Central Ohio Joint Fire District
Fire Prevention Tips
Wood Fired Heating Appliances - Fireplaces and Wood Burning Stoves -
Each winter it seems we have more structure fires related to heating with wood. We are all trying to heat our homes in the most economical way, but, we need to keep in mind that homes built one hundred years or so ago were designed to be heated by wood. Today’s wood frame structures are not all designed that way.
As a rule, a home today might be built with a fireplace, but, the fireplace is not designed to heat the entire home. Modern, non – masonry chimneys are “triple wall” pipe (an inner pipe, a layer of insulation, an outer pipe) this is generally run in an open “chimney box” that is made of either plywood or OSB with siding on the outside. When the stack penetrates each floor, and the roof, there is an insulating flashing plate that is generally made of galvanized tin. This type of fireplace is designed to be more “ornamental” than to heat with. There generally is little or no masonry, only wood surrounding the stack. When we “stoke” this type of fireplace up to get it hot enough to try to heat the home, and to save on the natural gas or electric bill, it gets hotter in the stack than it was designed for, and the surrounding structure can heat up to the point that chemical changes (pyrolysis) occurs, creating a lower flash threshold. (Makes the wood that much more flammable, and can result in flammable gases). Homes with all masonry chimneys, that are properly maintained, are less likely to have problems as the masonry, by design, will take a higher heat load.
The other problem that we are seeing is the use of air tight wood burning stoves as a free standing, or whole house source of heat.
Keeping in mind that burning firewood produces a number of waste products, including creosote. Creosote is essentially the resins from the wood. When the wood burns, the resins are released as a gas / particulate and essentially “ride” the heat up and out of the chimney. When we strive to make the stove so efficient that it actively takes the heat from the stack, or allows the stove to “smolder” to get all of the heat out of a piece of wood that we can, we reduce the temperature of the gasses going up the stack and allow creosote and other particles to accumulate on the inside of the stack. Another problem we see is when a wood burning appliance is installed free standing in a room and there is a “cross pipe” going horizontally from the top of the stove to the thimble (chimney connection). Sometimes we see these cross pipes being several feet long. The problem is that, when the hot gasses are released from the top of the stove into the stove pipe and then have to travel horizontally for several feet to the wall thimble, they have cooled enough in the cross pipe to allow them to start going back to a solid form (creosote) and the buildup on the inside of the pipe is flammable, solid, creosote. At this point, the creosote will generally burn inside the pipe. The pipe is not designed for this sustained, direct heat and will start to fail, opening the stack to the home’s structural components.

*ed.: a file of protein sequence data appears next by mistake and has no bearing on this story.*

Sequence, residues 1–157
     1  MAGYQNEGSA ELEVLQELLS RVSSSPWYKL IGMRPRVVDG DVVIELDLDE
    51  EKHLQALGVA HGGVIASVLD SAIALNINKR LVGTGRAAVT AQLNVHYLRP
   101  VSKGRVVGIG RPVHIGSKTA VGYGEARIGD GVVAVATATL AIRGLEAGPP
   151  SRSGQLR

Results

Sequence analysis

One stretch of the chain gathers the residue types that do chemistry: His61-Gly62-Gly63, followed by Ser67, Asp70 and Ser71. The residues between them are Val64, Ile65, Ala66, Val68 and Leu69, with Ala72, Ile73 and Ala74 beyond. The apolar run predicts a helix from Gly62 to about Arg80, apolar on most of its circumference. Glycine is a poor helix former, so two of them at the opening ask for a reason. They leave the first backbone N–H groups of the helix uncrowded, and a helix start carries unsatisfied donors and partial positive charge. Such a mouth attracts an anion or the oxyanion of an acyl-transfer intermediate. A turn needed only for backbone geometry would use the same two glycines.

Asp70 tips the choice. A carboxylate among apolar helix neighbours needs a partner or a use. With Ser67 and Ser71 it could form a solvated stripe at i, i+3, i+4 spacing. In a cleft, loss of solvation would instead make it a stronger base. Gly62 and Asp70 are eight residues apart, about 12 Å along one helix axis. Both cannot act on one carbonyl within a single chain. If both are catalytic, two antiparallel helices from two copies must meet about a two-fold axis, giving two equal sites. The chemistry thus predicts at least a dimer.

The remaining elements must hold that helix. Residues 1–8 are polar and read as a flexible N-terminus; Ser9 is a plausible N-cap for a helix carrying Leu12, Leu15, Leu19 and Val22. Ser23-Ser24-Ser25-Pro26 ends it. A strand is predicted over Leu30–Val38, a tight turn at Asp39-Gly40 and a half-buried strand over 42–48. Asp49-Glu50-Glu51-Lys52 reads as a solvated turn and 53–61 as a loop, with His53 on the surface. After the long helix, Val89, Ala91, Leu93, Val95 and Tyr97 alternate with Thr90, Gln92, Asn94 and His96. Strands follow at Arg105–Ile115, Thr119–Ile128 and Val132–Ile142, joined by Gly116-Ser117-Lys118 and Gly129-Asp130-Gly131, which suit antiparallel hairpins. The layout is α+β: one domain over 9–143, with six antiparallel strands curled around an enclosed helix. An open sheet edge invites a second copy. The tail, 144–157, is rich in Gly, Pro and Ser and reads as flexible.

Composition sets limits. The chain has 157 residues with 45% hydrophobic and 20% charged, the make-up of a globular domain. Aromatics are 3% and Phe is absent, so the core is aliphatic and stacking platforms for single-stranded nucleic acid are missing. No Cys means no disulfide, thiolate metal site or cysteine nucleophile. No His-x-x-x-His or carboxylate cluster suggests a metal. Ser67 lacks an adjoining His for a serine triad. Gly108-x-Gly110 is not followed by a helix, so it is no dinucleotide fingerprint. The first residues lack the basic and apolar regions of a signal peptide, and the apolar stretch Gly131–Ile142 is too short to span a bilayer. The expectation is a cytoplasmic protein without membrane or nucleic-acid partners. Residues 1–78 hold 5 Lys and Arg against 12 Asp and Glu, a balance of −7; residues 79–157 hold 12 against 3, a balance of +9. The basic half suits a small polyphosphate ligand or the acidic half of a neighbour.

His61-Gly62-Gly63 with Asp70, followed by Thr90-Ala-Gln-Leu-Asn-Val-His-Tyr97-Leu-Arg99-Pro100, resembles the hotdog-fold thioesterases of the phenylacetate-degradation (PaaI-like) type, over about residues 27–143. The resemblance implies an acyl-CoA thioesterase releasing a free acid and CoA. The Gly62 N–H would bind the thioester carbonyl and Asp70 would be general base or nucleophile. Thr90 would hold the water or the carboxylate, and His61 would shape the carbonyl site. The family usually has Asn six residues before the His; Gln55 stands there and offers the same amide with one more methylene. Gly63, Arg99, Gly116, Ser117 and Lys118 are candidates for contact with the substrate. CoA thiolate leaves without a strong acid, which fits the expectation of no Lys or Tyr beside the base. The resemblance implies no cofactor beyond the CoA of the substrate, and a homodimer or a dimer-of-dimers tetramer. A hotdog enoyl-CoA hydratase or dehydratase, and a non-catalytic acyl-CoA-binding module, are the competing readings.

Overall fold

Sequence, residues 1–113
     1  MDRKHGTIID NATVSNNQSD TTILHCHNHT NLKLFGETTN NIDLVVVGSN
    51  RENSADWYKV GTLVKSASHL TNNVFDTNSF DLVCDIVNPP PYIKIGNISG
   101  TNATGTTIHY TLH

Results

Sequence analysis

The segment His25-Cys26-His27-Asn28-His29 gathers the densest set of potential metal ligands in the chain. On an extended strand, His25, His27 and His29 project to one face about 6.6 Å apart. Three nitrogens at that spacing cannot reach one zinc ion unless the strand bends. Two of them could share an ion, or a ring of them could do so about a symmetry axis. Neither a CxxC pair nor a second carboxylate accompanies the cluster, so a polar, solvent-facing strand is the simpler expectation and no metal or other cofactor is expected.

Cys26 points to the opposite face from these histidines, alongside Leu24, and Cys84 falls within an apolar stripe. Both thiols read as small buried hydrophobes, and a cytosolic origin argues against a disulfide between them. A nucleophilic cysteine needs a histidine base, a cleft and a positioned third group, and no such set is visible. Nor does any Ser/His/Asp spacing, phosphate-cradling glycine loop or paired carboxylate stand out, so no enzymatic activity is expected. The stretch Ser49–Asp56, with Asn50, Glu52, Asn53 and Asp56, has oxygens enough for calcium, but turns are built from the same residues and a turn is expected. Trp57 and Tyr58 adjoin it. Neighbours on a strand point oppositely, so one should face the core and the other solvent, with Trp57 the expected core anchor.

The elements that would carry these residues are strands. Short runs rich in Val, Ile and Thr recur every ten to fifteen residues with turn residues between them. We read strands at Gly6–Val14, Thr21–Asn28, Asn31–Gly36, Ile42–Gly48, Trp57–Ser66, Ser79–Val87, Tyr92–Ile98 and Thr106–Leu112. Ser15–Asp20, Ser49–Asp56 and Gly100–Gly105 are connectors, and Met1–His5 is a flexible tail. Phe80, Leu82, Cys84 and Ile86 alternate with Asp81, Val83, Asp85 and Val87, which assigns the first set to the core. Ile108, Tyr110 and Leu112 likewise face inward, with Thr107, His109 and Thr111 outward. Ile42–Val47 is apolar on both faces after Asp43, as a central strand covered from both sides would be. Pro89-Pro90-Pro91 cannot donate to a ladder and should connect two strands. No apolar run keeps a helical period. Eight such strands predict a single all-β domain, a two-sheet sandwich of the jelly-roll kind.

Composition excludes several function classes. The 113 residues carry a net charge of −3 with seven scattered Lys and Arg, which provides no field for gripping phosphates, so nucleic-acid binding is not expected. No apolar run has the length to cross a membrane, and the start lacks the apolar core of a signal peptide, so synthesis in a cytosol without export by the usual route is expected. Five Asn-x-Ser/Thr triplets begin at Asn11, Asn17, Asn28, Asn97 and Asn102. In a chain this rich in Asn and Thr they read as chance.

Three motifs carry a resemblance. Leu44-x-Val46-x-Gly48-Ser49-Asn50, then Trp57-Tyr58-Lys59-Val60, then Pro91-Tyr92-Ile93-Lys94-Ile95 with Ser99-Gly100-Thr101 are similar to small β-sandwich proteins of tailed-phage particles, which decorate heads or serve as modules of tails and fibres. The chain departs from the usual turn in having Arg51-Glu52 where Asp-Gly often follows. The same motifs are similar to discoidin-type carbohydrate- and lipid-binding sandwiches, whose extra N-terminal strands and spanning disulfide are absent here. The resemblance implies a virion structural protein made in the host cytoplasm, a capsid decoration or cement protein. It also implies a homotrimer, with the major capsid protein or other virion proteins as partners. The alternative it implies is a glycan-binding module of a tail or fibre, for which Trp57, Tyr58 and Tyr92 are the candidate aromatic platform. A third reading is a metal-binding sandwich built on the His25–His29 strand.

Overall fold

You may have noticed of late that there are an increasing number of outdoor wood burning furnaces popping up in the area. When these are present and working properly, they are probably the best bet for whole house heating with wood. The fire itself is isolated from the home, so if there is a failure of the system, your house does not burn down.
Everyone needs to remember, or be made aware, that when homes were heated solely by wood, there was generally a fireplace in each room and the chimneys were masonry. Today’s home, as a rule, does not have a fireplace in every room, so, if someone wants to try to heat their entire home with one fireplace or wood burning stove, there is a good chance that they will find themselves overheating the stove / fireplace and endangering their home.
Proper cleaning and maintenance is a must. Simple chimney cleaning / brushing is not enough. Annual inspection of the wood burning appliance and chimney for creosote buildup and damage / wear is a must. A good comparison would be the exhaust system on your car. Eventually, it will need replaced due to wear / use. A chimney is the same thing. Constant heating and cooling from burning will cause expansion and contraction of joints in masonry as well as metal chimneys. If they are not maintained, they will fail.
If anyone has any questions about proper maintenance of your wood burning heating appliance, please contact the appliance manufacturer / installer, or call your local fire department.
Open Burning -
The Ohio Revised Code and the
Ohio EPA provide rules and regulations for open burning in Ohio. Open
burning is prohibited between the hours of 6 AM and 6 PM during March,
April, May, October and November.(ORC 1503.18 Kindled Fires)
The Ohio EPA Rules pertaining
to open burning may be found at http://www.epa.state.oh.us/dapc/regs/3745-19/3745_19.html
ODNR Open Burning Laws brochure
may be found at - ODNR
Prior to the heating season,
furnaces, fireplaces, wood burning stoves, etc should be serviced by a
Creosote can build up on the
inside of a chimney, even if dry hardwoods are burned, and can result
in a chimney fire that may become a structure fire. Preventitive maintenance
is the key.
Change furnace filters on a
Remember, natural gas and propane
water heaters also produce combustion by products and should be serviced
Fire Prevention Materials
and brochures are available at the fire station or by calling
740-625-5646 or emailing Central
Ohio Joint Fire District. If you email us, please include your telephone
number and mailing address.
Emergency Managment Agency safety info for kids
Fire Protection Association Fire Prevention for Kids
Consumer Product Safety Commission
Forestry Service Wildland Fire Safety
Open Burning Restrictions